Protest Kitchen

You Should . . . Read: Carol Adams and Virginia Messina’s Protest Kitchen (2018) (Drew Johnson, Philosophy, UConn)

Protest Kitchen book coverIn the midst of a global pandemic, with its attendant periods of isolation and restrictions on social gatherings, many have been spending more time in the kitchen than usual. In the midst of racially motivated violence, police brutality, and the push towards a public reckoning with America’s racist history, many have been seeking new and potentially transformative modes of political engagement. In the midst of an on-going climate crisis and the failure of governments to make the necessary choices to save the planet and fight environmental injustice, many of us may find it easy to feel disheartened and powerless.

A unique combination of cookbook and manifesto, Adams and Messina’s Protest Kitchen: Fight Injustice, Save the Planet, and Fuel Your Resistance One Meal at a Time (Conari Press, 2018) argues that “how you eat is a form of protest” (p. 5). Boiled down to its essentials, Adams and Messina’s main claim is that adopting a vegan diet can be a way to protest racism, patriarchy, climate change, food injustice, and to promote compassion and integrity. They make this argument by tracing the conceptual and historically rooted connections between the centrality of animal products in the “all-American diet,” on the one hand, and regressive politics, climate change, environmental racism, and misogyny, on the other. For instance, they argue that the very concept of animality, defined in contrast to and as inferior to that of humanity, provides tools for social oppression: “There has always been a human/animal binary to racist, misogynist, and ableist logic. In the political sphere, animality functions as a tool for democratic exclusion. Oppression elevates some humans as deserving equal protection and equal participation as citizens and lowers others, by making them “other” and suggesting they are more like animals” (p. 97). Adams and Messina’s provocative suggestion: challenge the underlying humanity/animality binary upon which such oppression is speciously “justified.” Thus, far from ignoring the human political and social crises of our time, as the “you-only-think-about-the-animals” vegan stereotype might suggest, Adams and Messina contend that animal oppression is essentially linked to human oppression. This is what I find most compelling about Protest Kitchen: that it provides a unifying analysis of the most pressing national and global issues of our time, through the lens of our (that is, us humans’) relations to the other animals.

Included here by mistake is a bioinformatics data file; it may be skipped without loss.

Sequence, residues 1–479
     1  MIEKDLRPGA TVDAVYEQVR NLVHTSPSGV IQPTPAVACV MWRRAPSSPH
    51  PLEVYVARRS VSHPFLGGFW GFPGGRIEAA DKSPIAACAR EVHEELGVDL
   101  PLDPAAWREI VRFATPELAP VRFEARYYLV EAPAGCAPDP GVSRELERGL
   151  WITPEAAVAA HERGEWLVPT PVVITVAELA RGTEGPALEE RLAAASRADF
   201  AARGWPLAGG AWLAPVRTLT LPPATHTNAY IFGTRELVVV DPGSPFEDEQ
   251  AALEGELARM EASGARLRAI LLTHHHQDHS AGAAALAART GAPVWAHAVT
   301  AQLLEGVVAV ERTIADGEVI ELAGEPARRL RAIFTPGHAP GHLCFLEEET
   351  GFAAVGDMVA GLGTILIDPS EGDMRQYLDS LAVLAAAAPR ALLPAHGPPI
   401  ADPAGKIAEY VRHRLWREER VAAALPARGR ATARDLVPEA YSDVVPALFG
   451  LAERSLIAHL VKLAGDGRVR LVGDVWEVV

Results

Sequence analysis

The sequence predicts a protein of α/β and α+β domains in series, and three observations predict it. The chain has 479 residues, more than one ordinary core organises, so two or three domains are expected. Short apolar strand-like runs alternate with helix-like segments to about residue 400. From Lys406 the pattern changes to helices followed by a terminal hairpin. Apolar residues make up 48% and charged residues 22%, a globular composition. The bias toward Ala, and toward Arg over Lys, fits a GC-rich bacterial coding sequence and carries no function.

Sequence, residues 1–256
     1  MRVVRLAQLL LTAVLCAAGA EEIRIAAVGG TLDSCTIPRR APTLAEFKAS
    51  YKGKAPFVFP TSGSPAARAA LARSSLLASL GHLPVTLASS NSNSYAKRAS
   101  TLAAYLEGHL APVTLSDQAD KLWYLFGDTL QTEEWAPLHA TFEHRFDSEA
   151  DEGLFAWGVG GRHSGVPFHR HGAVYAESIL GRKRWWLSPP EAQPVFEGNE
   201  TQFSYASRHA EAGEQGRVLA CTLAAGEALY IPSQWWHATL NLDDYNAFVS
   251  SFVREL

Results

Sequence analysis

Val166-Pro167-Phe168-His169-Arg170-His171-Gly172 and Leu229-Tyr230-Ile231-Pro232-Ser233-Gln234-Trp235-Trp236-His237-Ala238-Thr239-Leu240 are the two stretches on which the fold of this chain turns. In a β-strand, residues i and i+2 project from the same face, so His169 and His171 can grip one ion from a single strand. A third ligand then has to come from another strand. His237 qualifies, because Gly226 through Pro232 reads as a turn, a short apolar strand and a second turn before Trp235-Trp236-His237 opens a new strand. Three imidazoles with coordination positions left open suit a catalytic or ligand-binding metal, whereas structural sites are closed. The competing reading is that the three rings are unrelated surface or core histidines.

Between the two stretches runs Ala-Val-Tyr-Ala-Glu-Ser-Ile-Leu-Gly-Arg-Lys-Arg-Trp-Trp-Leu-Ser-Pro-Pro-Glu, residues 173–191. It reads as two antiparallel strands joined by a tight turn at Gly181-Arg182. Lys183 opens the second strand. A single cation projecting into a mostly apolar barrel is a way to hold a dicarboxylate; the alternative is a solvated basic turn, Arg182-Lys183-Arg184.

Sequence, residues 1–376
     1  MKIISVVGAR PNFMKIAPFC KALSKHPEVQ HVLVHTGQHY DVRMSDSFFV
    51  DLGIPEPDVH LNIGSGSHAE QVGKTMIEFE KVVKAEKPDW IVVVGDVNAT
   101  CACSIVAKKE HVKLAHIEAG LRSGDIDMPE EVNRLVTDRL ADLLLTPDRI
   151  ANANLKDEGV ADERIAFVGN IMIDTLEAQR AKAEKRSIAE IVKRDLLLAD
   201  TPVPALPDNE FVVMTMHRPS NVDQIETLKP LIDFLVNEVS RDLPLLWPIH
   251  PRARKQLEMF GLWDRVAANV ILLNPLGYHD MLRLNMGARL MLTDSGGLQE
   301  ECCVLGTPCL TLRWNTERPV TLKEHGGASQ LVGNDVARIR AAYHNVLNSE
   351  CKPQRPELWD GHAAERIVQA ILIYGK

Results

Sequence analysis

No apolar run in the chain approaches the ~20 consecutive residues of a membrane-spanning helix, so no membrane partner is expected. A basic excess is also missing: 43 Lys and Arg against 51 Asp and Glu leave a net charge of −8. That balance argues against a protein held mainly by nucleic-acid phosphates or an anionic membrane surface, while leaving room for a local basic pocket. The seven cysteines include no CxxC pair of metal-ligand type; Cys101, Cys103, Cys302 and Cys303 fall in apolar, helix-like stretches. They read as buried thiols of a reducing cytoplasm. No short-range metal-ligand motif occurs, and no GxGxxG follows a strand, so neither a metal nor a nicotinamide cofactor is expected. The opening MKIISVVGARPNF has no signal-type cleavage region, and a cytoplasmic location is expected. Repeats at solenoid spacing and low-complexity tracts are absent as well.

Although the core ecofeminist argument in Protest Kitchen is not new (see, for example, Adams’ The Sexual Politics of Meat), the book is distinctive in the way it is interspersed with no-nonsense, practical tips for engaging in activism, a variety of simple recipes for reducing meat consumption, and a primer on plant-based nutrition. While the book takes on serious topics, it is garnished with a dash of playfulness that cuts through the heaviness; for instance, with the inclusion of recipes such as the “imPeach Crumble,” and the “‘Stop the Wall’ Taco Salad Bowl with Fire and Fury Salsa.” If nothing else, the book promises to be food for thought, while sparking some thought about food.

Drew Johnson
Ph.D. Candidate

Who is Drew Johnson? Drew Johnson is a Ph.D. student (ABD) in the philosophy department at the University of Connecticut. His research focuses on metaethics and epistemology. His dissertation proposes a theory of ethical thought and discourse that explains the distinctive action-guiding, affective, and expressive dimensions of ethical claims and judgments, while also recognizing the important semantic, logical, and epistemological continuities that exist between ethics and other factual domains. In epistemology, Drew’s research focuses on the rational standing of our most firmly held commitments, i.e., our “hinge” commitments upon which all rational evaluation turns.